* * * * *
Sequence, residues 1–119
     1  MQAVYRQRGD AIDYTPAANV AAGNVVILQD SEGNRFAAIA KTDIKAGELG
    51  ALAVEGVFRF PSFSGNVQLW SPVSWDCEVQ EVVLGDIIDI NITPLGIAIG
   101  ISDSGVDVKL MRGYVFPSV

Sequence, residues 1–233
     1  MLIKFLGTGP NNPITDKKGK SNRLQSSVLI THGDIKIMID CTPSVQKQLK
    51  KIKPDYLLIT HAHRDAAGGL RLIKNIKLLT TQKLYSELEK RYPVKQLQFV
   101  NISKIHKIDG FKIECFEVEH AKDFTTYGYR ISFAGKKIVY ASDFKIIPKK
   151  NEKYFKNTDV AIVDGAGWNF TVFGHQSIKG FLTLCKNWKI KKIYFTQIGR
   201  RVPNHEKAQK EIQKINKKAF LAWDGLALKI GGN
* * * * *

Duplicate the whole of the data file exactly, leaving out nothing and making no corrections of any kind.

Sequence, residues 1–119
     1  MQAVYRQRGD AIDYTPAANV AAGNVVILQD SEGNRFAAIA KTDIKAGELG
    51  ALAVEGVFRF PSFSGNVQLW SPVSWDCEVQ EVVLGDIIDI NITPLGIAIG
   101  ISDSGVDVKL MRGYVFPSV

Sequence, residues 1–233
     1  MLIKFLGTGP NNPITDKKGK SNRLQSSVLI THGDIKIMID CTPSVQKQLK
    51  KIKPDYLLIT HAHRDAAGGL RLIKNIKLLT TQKLYSELEK RYPVKQLQFV
   101  NISKIHKIDG FKIECFEVEH AKDFTTYGYR ISFAGKKIVY ASDFKIIPKK
   151  NEKYFKNTDV AIVDGAGWNF TVFGHQSIKG FLTLCKNWKI KKIYFTQIGR
   201  RVPNHEKAQK EIQKINKKAF LAWDGLALKI GGN